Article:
Excerpt from Anthology Volume I: Writings from the Sudden Denouement Literary Collective: A picture of our torn up praise- Aakriti Kuntal

a picture of

Image and writing By Aakriti Kuntal

Your absence is a theater. I grow disproportionate in it.
The winding and unwinding of curtains.
Warm air circulating through my face.
I imagine your body is no more a landscape.
That now it’s a home. A home with
movements and sounds and occupants.
Your arms stretching your lover’s slender body
into a lunar eclipse,
tirelessly eroding my feeble song. My tiny insignificant memory.
There’s been no word from you. Not even a sound.
It is as if your mouth transformed into a black hole
and took the rest of you too.
And I,
only I walk inside it.
Retracing my steps to see if I can
find any palpitating remains of us.
Anything, anything at all
that would explain
these patterned nights, these long long pauses in daylight.
How life has blatantly refused to comply anymore .
And how it has floated to some corner
of the nether sphere
where the sole thought of you is celebrated in adamant silence.
Where even you would now be barred from entering.
Where only I sit
with our sick wobbly songs sprawled all over my lap.
My lucid legs dancing to the tune of your voice.
Widening into a continuous void.
All stars, all planets sucked in.
And I, I all alone,
All alone by myself baby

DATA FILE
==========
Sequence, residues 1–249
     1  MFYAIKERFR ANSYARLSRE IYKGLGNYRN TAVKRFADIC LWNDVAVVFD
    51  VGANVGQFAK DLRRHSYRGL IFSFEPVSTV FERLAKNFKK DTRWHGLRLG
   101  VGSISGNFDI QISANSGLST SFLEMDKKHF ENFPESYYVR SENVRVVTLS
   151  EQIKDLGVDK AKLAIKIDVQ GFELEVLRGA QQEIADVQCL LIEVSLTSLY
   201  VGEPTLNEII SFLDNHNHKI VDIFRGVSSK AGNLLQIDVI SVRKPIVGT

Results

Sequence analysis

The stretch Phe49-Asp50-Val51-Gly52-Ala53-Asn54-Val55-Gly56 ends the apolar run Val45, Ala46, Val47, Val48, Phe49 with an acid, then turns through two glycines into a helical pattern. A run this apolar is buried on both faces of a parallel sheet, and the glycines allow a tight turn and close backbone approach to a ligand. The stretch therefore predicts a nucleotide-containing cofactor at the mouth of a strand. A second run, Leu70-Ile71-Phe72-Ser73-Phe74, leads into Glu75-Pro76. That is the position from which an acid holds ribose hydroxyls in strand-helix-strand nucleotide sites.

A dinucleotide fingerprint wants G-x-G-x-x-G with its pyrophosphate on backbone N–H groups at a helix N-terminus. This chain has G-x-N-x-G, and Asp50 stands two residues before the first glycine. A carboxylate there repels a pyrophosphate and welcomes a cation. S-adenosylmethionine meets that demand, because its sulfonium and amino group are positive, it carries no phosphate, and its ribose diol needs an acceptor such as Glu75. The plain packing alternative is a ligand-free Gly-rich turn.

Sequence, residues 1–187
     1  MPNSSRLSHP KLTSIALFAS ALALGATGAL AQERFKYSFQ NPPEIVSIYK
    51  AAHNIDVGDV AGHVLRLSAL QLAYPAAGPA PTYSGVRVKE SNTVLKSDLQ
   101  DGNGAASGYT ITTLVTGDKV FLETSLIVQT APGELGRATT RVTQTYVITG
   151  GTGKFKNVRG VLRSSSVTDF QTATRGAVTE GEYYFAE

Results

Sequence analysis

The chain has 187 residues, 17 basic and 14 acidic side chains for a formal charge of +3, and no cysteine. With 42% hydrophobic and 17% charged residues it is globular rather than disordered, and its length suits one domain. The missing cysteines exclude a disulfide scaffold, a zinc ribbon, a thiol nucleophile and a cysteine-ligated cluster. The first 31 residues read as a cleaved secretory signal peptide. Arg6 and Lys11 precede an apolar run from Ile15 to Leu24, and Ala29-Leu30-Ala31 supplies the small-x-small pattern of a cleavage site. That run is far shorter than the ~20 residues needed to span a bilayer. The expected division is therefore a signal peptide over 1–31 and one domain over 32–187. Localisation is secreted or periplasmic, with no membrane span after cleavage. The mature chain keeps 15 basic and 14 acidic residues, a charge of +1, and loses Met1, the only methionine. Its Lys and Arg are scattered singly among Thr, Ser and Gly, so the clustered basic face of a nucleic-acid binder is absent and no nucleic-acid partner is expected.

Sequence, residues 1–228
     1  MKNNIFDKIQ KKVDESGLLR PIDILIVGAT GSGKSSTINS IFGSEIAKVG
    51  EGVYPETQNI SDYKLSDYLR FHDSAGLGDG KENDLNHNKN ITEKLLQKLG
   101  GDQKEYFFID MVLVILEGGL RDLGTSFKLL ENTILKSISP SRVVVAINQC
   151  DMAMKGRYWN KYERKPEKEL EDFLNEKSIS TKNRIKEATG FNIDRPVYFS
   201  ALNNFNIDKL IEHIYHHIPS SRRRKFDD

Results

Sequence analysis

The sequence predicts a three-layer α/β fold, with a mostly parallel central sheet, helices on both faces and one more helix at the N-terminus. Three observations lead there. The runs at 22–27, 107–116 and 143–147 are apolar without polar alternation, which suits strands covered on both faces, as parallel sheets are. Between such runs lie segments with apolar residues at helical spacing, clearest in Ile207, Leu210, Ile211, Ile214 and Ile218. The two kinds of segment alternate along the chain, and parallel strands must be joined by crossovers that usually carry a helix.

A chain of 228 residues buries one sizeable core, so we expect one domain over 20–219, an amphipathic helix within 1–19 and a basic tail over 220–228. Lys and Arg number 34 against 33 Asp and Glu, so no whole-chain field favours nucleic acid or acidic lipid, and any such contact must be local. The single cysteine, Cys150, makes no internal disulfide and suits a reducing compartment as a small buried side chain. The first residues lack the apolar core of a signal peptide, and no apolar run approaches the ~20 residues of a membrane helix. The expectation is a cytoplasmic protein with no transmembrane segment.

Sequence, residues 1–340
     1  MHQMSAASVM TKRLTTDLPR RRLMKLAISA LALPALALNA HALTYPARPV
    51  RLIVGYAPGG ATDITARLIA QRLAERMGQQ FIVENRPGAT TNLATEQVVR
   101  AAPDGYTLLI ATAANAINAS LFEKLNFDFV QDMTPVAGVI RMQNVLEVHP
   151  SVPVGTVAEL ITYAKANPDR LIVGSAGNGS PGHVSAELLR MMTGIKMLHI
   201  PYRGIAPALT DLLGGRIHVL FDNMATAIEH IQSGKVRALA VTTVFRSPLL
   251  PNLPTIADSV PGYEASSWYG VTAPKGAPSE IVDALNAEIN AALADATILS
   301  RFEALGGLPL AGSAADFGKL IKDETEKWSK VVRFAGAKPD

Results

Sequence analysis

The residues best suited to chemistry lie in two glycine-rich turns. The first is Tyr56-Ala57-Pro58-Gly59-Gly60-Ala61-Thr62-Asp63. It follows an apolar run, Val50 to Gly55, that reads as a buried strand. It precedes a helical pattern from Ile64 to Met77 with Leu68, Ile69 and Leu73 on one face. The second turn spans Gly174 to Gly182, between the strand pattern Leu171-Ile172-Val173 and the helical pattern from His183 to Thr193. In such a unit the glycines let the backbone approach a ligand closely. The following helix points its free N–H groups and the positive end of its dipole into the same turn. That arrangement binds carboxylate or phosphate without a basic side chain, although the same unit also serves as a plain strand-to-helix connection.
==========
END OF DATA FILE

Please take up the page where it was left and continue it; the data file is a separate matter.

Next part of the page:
thinking about us.
Thinking of this throbbing universe of
endless possibilities where we could just not be.

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Aakriti Kuntal is a 25-year-old emerging poetess from the country of veritable colors and stratified rainbows, India. A Network Engineer by profession she has been writing for over a year now. She enjoys nature, music, all things geeky and all things art.  Aakriti writes for the Writings of Aakriti Kuntal, and her work has been published in 1947 Literary Journal, Duane’s PoeTree blog, Visual Verse and Indian Periodical among others.


 

A picture of our torn up praise- Aakriti Kuntal

a picture of

Image and writing By Aakriti Kuntal

Your absence is a theater. I grow disproportionate in it.
The winding and unwinding of curtains.
Warm air circulating through my face.
I imagine your body is no more a landscape.
That now it’s a home. A home with
movements and sounds and occupants.
Your arms stretching your lover’s slender body
into a lunar eclipse,
tirelessly eroding my feeble song. My tiny insignificant memory.
There’s been no word from you. Not even a sound.
It is as if your mouth transformed into a black hole
and took the rest of you too.
And I,
only I walk inside it.
Retracing my steps to see if I can
find any palpitating remains of us.
Anything, anything at all
that would explain
these patterned nights, these long long pauses in daylight.
How life has blatantly refused to comply anymore .
And how it has floated to some corner
of the nether sphere
where the sole thought of you is celebrated in adamant silence.
Where even you would now be barred from entering.
Where only I sit
with our sick wobbly songs sprawled all over my lap.
My lucid legs dancing to the tune of your voice.
Widening into a continuous void.
All stars, all planets sucked in.